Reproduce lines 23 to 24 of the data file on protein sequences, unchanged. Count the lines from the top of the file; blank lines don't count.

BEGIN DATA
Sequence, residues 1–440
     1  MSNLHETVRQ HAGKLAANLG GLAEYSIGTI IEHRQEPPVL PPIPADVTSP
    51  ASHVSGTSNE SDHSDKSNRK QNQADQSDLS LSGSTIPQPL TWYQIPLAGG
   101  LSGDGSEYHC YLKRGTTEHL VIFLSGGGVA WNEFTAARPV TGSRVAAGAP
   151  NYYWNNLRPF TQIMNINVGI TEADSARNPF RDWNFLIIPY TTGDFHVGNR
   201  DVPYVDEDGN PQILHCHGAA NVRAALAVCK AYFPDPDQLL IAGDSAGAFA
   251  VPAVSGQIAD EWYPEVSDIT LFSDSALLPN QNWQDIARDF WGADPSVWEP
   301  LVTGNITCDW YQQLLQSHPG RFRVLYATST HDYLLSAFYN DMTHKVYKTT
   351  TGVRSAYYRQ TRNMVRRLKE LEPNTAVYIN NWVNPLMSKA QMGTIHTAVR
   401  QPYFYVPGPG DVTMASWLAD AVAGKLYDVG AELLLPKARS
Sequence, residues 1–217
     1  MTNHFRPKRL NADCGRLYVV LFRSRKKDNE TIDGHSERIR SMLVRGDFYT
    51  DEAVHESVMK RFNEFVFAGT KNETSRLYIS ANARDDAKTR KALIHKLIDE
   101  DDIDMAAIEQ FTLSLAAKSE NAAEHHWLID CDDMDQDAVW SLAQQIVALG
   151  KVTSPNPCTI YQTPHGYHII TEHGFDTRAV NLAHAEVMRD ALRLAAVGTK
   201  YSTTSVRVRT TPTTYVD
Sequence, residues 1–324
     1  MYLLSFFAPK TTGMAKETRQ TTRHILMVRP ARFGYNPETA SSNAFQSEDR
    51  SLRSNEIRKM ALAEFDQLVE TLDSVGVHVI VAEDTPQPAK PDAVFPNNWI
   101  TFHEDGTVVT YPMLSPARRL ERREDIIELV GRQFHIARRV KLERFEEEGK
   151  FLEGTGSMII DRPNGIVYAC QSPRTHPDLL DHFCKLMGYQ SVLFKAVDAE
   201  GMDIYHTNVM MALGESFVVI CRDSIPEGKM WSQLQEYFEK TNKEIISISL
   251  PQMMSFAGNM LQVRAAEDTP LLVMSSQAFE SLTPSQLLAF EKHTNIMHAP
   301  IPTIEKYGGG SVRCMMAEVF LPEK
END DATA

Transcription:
   251  PQMMSFAGNM LQVRAAEDTP LLVMSSQAFE SLTPSQLLAF EKHTNIMHAP
   301  IPTIEKYGGG SVRCMMAEVF LPEK